Tivoli Brewing turned Denver's beer history on its head last summer when the reincarnation of one of the Mile High City's first breweries opened inside the original Tivoli brewery building on the Auraria campus. Since then, Tivoli has been making re-imagined versions of some of Denver's original German-style lagers from the late 1800s and early 1900s.
But its latest version of an historic beer focuses on a different era and a decidedly different style of beer. Tivoli tapped Jet Malt Liquor this week, as well as a second new beer – this one not historic – called She's My Cherry Pie.
“Jet was the only malt liquor that Tivoli produced,” says Tivoli co-founder Corey Marshall, adding, with a laugh, that it will be brewed with corn, "just a like a good malt liquor should be brewed.” But Jet will also feature a rotating selection of hops, which is unusual for a malt liquor, typically known for being sweet, nearly hop-less, high-alcohol lagers designed specifically to get you drunk faster.
Tivoli head brewer Dieter Foerstner “has had a big desire to bring malt liquors back into the world of craft beer,” Marshall explains. The first version, a collaboration with Wynkoop Brewing, used Nelson Sauvin hops. The version that went on tap this week was brewed with New Zealand Pacifica hops. “We are using the concept of jet setting, from the name, for the hops," he adds. "Who knows where we will go next?”
The other beer, She's My Cherry Pie, is a lager made with fresh cherries grown by Big B's, a juicer and cider maker near Paonia. The 9 percent ABV beer was also brewed with honey, brown sugar and cinnamon “to give it a real cherry pie flavor,” Marshall says.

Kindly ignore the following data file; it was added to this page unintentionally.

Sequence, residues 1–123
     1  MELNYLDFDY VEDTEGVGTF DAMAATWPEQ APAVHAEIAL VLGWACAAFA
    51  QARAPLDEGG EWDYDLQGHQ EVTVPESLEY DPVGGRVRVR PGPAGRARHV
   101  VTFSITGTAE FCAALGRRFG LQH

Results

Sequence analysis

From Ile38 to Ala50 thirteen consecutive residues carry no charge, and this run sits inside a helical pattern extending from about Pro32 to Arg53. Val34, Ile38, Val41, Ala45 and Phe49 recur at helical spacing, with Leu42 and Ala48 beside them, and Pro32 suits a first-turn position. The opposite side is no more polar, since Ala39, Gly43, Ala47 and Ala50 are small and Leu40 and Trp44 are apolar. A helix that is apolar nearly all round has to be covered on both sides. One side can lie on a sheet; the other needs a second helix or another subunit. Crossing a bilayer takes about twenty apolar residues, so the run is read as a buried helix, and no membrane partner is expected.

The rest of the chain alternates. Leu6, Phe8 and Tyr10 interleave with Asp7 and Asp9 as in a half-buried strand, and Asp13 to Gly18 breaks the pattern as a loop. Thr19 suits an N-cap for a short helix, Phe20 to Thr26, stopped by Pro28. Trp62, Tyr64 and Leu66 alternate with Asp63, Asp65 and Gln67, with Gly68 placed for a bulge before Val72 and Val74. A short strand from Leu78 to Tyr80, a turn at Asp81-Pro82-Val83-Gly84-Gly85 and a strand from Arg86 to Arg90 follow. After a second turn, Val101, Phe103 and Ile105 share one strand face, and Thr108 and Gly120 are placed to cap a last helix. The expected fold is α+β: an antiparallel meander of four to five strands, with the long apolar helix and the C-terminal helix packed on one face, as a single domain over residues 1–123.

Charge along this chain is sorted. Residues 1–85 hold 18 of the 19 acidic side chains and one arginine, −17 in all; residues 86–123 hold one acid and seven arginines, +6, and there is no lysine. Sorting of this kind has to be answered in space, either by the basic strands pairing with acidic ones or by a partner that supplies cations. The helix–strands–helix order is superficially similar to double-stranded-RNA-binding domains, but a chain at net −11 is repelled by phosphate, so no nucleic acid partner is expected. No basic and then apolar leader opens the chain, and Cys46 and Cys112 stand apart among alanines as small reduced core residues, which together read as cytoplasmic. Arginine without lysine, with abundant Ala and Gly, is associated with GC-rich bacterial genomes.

Foerstner says he came up with the recipe while he was waiting for Tivoli to get its brewhouse online – something that was just completed about two months ago. Some of it will be aged with cocoa nibs in brandy barrels and some with vanilla beans in wine barrels. Some of the beer will also be soured and fermented with Brettanomyces.
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Both She's My Cherry Pie and Jet Malt Liquor, at 9.5 percent ABV, were featured at the Big Beers, Belgians and Barleywines Festival, which took place in January in Vail.
The primary focus at Tivoli right now, though, is continuing to brew the company's flagships, Tivoli and Sigi's Wild Horse Buck Beer, and packaging Tivoli in bottles. Marshall says the brewery recently took delivery of a bottling line that can handle about 1,500 bottles per minute and should begin bottling sometime in early or mid-March. After that – and later in the year — Tivoli plans to begin brewing other versions of historic Denver beers, including Neef's, Zang's and Union.
The new Tivoli was founded in 2012 by Marshall and his wife, Debbie, who bought up several expired old Denver brewery trademarks and researched the city's brewing past. The Marshalls contracted with Prost Brewing, which also specialized in German-style lagers, to actually brew and package the beer. But in 2014, Tivoli announced that it had signed a lease for 8,000 square feet of space inside the Tivoli Student Union, which is where the original Tivoli – and its predecessors — had operated between 1900 and 1969, when the brewery closed.
Tivoli's thirty-barrel brewhouse was installed right beside and below the two original 250-barrel copper-plated brew kettles that the old Tivoli used and which are still in the building. Tivoli is now making all of its own beers on site at the brewery.